He was very skeptical, however, that they would actually "cough up the cash" to pay to hire a real professional to do marketing and branding for them. "Look. It is nice to talk about what the Taiwanese, Chinese and Koreans can and should do to better sell themselves, but let's face it; they are in the cost-down mindset. What is public relations? What is marketing? They talk about it, but they do not really understand it. They may be willing to buy an ad; that they can see. It proves that they have gotten something for their money, but public relations? No, that they simply do not get."


Long-term mindset?


Another problem is the short-term mindset. "Because none of these Asian companies have professionals  real professionals, not someone who has learned a bit here and there along the way  the approach is constantly changing or inconsistent. Heading to the Russian show? Okay, let's quickly throw something together? Going to France? Okay, what can we print up in two weeks? If that is the best that they can do, what kind of long-term support over the years do you think that they can provide?"


It also means that they are always changing the approach and not following a long-term plan. "Sales are not doing as well as expected, then change this or change that. There is no thought, no understanding that goes into this. They are always reacting never strategizing. Quite frankly, it is irritating as hell."


Others had a more positive opinion. Aleksey Vitalisov, Business Development Manager at Armo Systems, noted that, "Initially, reputations of Asian companies and their products were bad. That is fading. We are selling Taiwanese and Chinese products though the Russian consumer seems to still differentiate between Taiwanese and Korean on the one hand and Chinese on the other." Many, he added, are still suspicious of Chinese companies are also paying more attention to quality issues. "In a couple of years, they may be able to come out with new products and designs that are competitive for not only price but also quality. Let's wait and see."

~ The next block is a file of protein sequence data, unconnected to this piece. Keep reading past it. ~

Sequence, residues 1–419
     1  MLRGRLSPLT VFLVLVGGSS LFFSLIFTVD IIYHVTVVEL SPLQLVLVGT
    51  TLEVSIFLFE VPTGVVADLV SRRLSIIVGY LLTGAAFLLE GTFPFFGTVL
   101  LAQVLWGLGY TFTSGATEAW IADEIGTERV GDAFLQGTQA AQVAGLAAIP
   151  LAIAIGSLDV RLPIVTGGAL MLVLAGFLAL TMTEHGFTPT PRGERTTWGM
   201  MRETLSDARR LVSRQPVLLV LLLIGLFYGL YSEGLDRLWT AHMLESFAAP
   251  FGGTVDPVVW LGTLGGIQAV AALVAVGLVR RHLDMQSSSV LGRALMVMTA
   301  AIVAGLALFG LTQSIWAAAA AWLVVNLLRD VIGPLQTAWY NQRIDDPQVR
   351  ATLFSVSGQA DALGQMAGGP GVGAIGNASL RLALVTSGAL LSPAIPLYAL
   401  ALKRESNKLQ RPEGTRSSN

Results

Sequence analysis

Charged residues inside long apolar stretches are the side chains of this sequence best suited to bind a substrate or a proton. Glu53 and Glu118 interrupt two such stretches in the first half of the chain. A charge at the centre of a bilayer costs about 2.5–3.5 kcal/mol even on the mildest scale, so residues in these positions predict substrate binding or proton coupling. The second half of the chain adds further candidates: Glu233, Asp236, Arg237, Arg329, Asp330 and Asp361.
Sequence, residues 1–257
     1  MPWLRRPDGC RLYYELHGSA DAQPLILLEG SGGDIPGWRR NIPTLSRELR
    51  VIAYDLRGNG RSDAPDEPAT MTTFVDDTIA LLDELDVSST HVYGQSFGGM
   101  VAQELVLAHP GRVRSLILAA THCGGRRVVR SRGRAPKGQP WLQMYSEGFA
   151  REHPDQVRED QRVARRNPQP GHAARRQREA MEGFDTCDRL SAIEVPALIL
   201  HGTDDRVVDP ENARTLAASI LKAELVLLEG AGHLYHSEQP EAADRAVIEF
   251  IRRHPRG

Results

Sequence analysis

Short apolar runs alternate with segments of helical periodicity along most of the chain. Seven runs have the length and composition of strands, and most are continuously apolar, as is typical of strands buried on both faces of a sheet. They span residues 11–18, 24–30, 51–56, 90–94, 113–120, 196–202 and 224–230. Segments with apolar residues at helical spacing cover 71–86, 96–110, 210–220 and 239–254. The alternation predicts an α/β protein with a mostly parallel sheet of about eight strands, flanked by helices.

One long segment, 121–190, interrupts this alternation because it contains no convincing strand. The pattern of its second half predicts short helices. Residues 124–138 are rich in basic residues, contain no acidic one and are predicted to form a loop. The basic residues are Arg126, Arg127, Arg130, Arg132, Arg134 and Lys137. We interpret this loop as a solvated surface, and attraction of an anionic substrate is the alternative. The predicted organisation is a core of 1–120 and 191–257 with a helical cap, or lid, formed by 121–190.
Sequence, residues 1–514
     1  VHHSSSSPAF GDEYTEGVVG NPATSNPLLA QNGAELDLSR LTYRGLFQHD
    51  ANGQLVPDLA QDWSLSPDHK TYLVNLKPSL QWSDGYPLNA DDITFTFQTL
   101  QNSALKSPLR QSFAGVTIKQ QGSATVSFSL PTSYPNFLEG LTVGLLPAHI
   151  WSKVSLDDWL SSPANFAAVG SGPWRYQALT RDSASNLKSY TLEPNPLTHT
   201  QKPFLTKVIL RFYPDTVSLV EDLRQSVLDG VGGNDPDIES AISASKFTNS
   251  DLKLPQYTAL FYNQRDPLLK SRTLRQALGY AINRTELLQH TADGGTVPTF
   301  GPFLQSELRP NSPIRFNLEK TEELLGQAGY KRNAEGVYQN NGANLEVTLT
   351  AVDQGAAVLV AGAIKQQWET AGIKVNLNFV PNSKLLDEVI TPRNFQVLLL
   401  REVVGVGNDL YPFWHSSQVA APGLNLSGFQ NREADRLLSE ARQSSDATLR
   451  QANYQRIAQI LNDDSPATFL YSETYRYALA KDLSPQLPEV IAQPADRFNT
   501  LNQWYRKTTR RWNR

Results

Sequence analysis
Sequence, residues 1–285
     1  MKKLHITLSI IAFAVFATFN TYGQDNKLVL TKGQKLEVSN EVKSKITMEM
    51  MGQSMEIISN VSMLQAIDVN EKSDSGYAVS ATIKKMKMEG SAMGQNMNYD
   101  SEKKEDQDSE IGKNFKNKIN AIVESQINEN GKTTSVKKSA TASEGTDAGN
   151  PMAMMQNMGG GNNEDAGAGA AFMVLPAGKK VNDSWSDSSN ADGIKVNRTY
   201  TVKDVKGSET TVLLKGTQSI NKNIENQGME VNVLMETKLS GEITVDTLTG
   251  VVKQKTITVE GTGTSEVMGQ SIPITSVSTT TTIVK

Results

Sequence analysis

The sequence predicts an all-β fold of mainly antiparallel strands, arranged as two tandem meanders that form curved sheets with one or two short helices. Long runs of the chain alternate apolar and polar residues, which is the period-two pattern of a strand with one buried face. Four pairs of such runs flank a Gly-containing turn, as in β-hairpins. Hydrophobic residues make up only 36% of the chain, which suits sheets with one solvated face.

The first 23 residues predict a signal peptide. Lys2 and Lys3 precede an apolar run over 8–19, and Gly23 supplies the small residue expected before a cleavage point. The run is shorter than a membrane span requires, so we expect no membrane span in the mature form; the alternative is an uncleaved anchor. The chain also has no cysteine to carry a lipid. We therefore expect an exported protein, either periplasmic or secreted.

His advice to Taiwanese, Chinese and Korean companies is to pay close attention to dealer intentions to determine whether they work with too many different partners. "It would also be very helpful if Taiwanese, Korean and Chinese manufacturers would tell the truth about their specifications. They waste everyone's time making promises that they cannot keep or saying their products have capabilities that they clearly do not."


Flexibility


Flexibility is also important. "Russians want to work with manufacturers that are capable of producing big quantities with some customization. This may include disguised front plates and silk printing of logos of Russian companies." Finally, logistics is key. "Time of delivery is a very narrow bottleneck for suppliers. The time it takes to ship product from Asia to Russia is too long. Anyone who wants to succeed in Russia has to be able to guarantee fast delivery."


Helen Silina, Public Relations Manager at Satro-Paladin, also was able to differentiate between companies. "Ten years ago, Russians viewed Chinese products as having low quality. Now, we know that some products are good, while others remain bad. We know that all the computers that we use are from Taiwan (Acer and Asus). Russians are now able to differentiate based on quality and brand name."


According to Silina, Taiwanese, Chinese and Korean companies can succeed with the support of a good partner. Companies interested in doing business with Satro-Paladin must first meet with the chief of the relevant product or technology department; if that manager agrees to sell the product, the company buys limited quantities to see how well the product does and then moves to expand if it does well.